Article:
Latin America is a more diversified investment

LATIN AMERICAN funds provide an alternative to investors who are tempted by Brazil but who are worried about single country exposure. They are available to UK investors in the form of investment trusts, open-ended investment companies (OEICs) and SICAVs. These funds are weighted heavily towards Brazil – the MSCI EM Latin America net benchmark has 68.1 per cent exposure to the country – but they also invest in Mexico, Peru and Chile. Here we look at three Latin America funds.

BGF LATIN AMERICAN SICAV FUND
Managed by Will Landers since September 2002, this Luxembourg-domiciled fund was launched in January 1997 and now has £6.98bn in assets under management. The fund outperformed between 2005 and 2007 and again in 2009 but fell more sharply than the benchmark in 2008. It has an annual management fee of 1.75 per cent and an initial charge of 5 per cent.
Morningstar, which rates the fund as superior, says it has a high opinion of the fund and the team but says that the fund’s size may make it difficult to fully exploit opportunities in less liquid areas of the market in the future.

TEMPLETON LATIN AMERICA SICAV FUND
Launched in May 2001, this fund has been overseen by lead manager Mark Mobius but the day-to-day running of the £3.25bn in assets is down to the four locally-based LatAm managers. It has an annual charge of 1.9 per cent and an initial charge of 5 per cent. It is rated AA by S&P Fund Management Rating, which says that over the past five years, cumulatively, it ranks in the top decile. S&P notes that cash was a drag on performance in the second half of 2009. Sharp inflows at this time, when the team was finding it increasingly difficult to identify appropriately valued high-conviction ideas, meant the speed of cash deployment into the fund was somewhat slow.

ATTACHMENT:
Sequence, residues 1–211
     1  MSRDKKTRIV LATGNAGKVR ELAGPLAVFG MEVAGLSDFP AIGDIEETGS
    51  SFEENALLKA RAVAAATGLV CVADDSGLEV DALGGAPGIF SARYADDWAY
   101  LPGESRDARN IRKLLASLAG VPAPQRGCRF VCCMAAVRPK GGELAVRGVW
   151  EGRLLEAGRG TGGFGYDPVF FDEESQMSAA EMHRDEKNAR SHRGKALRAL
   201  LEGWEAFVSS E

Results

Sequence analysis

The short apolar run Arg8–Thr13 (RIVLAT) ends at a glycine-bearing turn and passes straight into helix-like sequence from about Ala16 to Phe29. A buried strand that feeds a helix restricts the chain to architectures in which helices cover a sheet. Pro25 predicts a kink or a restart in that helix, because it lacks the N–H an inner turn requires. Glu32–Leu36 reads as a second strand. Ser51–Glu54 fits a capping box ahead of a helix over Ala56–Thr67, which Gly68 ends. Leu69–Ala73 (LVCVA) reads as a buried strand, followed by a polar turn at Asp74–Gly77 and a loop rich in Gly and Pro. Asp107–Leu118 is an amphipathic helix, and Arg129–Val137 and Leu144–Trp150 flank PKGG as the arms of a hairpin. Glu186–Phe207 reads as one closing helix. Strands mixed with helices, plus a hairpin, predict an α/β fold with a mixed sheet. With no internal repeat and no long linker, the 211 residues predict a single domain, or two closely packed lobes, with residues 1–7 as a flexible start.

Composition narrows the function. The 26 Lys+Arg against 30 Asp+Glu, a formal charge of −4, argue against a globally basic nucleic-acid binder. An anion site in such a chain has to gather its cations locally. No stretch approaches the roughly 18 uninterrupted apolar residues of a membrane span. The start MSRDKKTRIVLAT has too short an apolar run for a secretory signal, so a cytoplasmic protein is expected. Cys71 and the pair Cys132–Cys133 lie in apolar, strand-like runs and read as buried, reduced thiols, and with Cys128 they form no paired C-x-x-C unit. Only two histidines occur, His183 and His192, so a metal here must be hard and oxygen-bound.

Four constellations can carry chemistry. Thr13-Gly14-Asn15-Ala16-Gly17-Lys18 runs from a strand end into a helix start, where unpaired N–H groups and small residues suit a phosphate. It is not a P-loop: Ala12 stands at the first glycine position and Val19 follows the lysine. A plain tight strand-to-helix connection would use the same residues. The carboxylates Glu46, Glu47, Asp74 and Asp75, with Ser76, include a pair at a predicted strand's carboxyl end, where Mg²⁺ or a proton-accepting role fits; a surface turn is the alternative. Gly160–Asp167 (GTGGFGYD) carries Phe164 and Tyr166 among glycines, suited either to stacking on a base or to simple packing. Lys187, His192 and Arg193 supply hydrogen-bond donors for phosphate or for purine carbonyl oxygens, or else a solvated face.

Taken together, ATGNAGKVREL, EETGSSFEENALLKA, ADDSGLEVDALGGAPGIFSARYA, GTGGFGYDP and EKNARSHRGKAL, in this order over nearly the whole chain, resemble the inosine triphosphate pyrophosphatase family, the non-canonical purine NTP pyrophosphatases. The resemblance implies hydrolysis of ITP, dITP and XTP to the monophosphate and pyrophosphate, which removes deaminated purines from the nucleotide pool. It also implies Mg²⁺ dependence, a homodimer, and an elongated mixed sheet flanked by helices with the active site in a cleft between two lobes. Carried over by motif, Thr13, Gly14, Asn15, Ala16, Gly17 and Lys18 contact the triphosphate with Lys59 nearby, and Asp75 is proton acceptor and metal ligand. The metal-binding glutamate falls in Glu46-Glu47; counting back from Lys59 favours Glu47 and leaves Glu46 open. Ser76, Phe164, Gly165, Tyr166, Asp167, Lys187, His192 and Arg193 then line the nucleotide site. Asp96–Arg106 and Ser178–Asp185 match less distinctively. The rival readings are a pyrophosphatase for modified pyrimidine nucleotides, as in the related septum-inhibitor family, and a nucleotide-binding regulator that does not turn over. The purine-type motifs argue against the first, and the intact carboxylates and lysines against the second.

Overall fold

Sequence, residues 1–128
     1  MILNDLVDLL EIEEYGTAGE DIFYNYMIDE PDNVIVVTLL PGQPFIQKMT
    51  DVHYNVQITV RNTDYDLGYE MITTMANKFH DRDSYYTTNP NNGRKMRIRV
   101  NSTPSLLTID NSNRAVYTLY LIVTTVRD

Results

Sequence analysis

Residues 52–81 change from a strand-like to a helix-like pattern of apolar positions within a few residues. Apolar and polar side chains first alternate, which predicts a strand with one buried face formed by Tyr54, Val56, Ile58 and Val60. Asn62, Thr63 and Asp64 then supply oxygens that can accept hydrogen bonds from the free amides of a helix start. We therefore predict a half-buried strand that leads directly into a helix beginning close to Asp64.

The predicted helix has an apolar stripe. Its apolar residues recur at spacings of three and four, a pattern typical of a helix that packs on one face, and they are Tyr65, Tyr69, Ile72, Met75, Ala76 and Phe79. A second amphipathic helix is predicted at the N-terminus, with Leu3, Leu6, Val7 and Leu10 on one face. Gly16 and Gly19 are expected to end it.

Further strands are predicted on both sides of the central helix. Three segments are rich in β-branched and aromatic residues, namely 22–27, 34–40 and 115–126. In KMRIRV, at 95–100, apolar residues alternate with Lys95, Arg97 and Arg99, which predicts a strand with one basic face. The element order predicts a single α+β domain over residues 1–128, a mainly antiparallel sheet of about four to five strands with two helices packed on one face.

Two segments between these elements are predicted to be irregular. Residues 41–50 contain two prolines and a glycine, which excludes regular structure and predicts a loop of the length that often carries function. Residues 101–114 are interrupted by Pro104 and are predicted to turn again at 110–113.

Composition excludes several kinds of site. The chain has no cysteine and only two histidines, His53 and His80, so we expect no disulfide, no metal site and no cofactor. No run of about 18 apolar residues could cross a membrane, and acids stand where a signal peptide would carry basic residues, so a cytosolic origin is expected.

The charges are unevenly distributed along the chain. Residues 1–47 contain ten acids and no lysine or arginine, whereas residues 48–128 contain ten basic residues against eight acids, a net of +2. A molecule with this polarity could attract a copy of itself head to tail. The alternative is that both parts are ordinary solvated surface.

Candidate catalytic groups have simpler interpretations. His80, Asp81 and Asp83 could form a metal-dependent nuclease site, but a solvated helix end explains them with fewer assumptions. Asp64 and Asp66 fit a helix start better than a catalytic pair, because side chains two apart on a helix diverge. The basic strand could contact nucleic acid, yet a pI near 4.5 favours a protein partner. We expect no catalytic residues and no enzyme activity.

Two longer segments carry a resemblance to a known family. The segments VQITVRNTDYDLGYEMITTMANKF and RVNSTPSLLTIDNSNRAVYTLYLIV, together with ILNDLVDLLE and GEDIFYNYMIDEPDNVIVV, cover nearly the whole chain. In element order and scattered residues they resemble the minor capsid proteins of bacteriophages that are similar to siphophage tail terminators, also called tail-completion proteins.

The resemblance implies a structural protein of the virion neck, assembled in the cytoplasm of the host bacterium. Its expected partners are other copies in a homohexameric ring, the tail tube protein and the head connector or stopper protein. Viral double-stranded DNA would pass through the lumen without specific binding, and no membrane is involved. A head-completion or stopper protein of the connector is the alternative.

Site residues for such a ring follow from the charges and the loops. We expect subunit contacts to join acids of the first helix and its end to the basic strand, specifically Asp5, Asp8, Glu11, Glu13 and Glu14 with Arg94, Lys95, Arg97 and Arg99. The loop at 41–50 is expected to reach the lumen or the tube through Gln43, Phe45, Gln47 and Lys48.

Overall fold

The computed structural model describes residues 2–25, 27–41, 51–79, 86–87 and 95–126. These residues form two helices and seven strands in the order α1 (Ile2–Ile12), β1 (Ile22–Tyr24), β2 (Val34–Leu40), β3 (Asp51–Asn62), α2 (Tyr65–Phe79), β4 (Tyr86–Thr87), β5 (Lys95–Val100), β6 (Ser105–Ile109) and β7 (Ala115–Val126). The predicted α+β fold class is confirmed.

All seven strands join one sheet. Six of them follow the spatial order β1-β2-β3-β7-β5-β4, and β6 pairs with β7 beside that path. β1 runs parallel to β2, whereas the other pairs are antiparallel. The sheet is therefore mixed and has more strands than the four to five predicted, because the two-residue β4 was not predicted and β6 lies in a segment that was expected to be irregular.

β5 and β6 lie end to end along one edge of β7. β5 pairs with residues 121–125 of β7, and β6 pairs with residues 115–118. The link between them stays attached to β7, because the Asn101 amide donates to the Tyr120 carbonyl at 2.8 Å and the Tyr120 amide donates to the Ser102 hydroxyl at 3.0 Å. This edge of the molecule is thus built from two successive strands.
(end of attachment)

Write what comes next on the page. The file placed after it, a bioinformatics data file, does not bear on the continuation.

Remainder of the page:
THREADNEEDLE LATIN AMERICA OEIC
The performance of the fund has improved considerably since April 2009 when Julian Thompson, head of the emerging markets team, took over as fund manager, says S&P Fund Management Rating, which awards it an A. It was launched in November 1997 and now has $1.1bn in assets under management. Only Thompson focuses on the region, Threadneedle’s equity teams offset the absence of a specialist Latin America team. Since Thompson took over the daily running of the fund, it has outperformed both the peer median and benchmark, driven mainly by stock selection. For institutional investors, there is no initial charge and the annual fee is 1 per cent.